It is often painful to accept that many of the voices that have been raised for decades in the seemingly endless battles in our nation for civil rights and racial justice will fall silent in death. But their work and words live on and so younger folk will pick up the torch and "march on till victory is won."
Last week we lost two of those mighty soldiers in the battle for justice and equality. It is incumbent upon all of us to not just mourn their passing, and offer words of consolation to their family, friends and loved ones; we must continue the struggle, and in doing so honor them and ourselves.
It is important for those who did not know their work nor their words to do so.
I speak of the passing of Derrick Bell, and Fred Shuttlesworth, a legal scholar and a reverend.
Both were men of faith in the rightness of their chosen paths to move us farther down the road away from from racism and its ugly coils, toward a future that neither lived to see, just as many of us will never live to see the dawning of an America without racial divisions.
We would do well to revisit their life's work, and to know them by their words and deeds.
The younger of the two men, Professor Bell was born on Nov. 6, 1930, in Pittsburgh, PA. Rev. Shuttlesworth was born March 18, 1922, in Meigs, Alabama. One was from a hardcore northern area where race and racism were forged in steel mills. The other was from the black belt south with its slave plantation legacy.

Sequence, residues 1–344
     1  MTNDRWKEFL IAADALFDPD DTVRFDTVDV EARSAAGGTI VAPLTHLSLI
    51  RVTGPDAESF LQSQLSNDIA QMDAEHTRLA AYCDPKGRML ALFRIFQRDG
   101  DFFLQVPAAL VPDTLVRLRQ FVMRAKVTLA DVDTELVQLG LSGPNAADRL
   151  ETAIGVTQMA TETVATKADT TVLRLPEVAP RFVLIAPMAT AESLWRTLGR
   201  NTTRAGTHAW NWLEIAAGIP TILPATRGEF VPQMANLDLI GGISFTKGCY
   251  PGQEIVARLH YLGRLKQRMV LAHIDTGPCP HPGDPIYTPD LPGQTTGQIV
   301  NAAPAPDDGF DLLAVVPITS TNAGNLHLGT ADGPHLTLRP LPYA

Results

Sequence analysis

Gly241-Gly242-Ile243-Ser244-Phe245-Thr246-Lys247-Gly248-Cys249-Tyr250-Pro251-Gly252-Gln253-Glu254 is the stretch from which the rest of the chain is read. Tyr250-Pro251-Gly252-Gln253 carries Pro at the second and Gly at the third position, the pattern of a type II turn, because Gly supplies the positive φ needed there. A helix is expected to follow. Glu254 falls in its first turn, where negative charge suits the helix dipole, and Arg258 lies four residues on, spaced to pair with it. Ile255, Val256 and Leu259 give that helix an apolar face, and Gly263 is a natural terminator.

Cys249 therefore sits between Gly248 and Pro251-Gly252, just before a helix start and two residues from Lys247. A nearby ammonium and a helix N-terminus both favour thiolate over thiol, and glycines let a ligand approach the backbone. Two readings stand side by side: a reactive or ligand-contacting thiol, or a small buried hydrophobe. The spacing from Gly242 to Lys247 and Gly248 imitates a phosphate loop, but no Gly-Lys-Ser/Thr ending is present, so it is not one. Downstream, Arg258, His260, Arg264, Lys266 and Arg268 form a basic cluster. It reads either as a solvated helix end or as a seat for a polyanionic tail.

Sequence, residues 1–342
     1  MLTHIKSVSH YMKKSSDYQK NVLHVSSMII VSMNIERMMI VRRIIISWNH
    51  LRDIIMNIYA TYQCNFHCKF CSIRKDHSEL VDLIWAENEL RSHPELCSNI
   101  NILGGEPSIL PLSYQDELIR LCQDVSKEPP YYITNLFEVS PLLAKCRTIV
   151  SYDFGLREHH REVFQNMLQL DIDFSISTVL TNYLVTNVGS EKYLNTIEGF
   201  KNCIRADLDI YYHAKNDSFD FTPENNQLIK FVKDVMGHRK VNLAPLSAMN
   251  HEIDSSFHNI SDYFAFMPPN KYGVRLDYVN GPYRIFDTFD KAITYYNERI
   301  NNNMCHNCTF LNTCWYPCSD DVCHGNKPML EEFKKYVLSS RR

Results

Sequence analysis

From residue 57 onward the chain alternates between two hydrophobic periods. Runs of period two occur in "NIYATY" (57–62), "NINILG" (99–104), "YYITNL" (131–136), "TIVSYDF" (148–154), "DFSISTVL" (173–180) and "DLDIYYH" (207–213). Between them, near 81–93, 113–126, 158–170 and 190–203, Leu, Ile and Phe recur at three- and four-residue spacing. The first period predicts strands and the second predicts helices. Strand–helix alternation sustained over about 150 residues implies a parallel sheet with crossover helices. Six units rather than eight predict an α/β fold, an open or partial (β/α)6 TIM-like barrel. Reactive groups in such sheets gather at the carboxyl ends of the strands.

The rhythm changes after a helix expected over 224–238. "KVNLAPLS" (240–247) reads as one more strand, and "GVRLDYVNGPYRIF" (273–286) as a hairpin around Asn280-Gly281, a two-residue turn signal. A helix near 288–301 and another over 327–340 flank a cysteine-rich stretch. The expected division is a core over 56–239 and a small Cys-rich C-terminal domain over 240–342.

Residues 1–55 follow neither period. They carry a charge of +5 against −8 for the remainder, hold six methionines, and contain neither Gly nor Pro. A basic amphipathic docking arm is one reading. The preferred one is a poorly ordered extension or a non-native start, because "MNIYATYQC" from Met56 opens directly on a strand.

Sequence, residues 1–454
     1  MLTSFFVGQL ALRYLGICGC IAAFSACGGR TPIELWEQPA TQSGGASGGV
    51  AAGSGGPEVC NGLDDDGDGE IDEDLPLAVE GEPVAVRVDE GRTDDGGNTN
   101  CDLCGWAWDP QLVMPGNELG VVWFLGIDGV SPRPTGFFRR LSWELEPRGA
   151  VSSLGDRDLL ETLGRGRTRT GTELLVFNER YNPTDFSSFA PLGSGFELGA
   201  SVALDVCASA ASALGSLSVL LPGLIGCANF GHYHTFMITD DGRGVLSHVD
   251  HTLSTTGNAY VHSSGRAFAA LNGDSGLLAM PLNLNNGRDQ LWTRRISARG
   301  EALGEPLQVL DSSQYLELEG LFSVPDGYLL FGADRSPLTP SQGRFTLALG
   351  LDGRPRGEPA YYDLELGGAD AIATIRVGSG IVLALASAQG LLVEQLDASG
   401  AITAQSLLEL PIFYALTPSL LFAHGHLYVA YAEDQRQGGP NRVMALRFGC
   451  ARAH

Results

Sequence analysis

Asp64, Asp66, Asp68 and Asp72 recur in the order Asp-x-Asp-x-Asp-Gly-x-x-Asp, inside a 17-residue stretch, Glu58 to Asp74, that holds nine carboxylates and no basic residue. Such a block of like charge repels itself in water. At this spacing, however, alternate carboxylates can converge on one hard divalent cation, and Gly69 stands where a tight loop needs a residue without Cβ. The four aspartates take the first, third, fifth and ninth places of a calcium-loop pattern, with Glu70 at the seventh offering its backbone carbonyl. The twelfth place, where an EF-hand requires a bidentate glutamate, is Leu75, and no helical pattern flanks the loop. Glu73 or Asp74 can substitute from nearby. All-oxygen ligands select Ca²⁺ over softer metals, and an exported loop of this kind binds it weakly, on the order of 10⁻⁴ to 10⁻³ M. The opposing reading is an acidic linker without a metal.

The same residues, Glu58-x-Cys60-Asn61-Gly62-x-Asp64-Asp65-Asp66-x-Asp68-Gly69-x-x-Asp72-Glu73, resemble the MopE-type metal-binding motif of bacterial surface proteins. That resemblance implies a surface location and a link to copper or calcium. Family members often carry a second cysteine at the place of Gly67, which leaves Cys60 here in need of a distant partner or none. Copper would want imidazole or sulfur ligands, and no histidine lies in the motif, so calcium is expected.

Both men would help shape our history and our future. Bell would become one of the founders of Critical Race Theory.
Appearing in US law schools in the mid- to late 1980s, Critical Race Theory inherited many of its political and intellectual commitments from civil rights scholarship and Critical Legal Studies, even as the movement departed significantly from both. Scholars like Derrick Bell applauded the focus of civil rights scholarship on race, but were deeply critical of civil rights scholars' commitment to colorblindness and their focus on intentional discrimination, rather than a broader focus on the conditions of racial inequality